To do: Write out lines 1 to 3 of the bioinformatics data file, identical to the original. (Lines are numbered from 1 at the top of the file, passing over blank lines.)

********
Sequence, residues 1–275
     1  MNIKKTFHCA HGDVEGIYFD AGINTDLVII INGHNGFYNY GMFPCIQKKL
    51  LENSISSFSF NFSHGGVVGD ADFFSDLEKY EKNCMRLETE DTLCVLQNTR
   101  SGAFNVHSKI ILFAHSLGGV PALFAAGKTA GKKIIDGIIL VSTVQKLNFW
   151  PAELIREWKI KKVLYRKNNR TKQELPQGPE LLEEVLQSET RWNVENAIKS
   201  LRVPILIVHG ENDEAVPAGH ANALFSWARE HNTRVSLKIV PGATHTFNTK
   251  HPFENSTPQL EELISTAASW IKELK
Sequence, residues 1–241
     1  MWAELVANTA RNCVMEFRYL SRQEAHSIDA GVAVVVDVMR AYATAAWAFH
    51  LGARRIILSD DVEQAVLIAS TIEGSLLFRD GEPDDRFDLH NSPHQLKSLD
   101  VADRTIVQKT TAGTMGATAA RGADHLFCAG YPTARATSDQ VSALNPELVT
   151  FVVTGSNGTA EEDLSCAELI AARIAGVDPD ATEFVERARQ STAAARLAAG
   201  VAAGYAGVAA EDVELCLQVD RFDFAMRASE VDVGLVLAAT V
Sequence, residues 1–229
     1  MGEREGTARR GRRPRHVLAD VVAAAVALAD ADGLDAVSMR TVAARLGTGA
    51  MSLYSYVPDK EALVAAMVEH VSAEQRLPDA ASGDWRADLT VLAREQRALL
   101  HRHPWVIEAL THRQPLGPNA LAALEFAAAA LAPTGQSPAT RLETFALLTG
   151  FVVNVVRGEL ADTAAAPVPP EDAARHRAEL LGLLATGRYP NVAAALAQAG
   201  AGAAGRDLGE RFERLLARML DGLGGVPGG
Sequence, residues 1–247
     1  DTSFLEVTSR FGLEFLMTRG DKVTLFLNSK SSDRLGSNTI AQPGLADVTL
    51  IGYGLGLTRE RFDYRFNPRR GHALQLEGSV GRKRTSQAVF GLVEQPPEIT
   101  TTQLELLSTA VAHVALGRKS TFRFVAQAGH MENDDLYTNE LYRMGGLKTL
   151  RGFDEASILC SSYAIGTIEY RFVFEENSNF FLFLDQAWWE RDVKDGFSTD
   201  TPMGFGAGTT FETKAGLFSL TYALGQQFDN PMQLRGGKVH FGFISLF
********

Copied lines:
Sequence, residues 1–275
     1  MNIKKTFHCA HGDVEGIYFD AGINTDLVII INGHNGFYNY GMFPCIQKKL
    51  LENSISSFSF NFSHGGVVGD ADFFSDLEKY EKNCMRLETE DTLCVLQNTR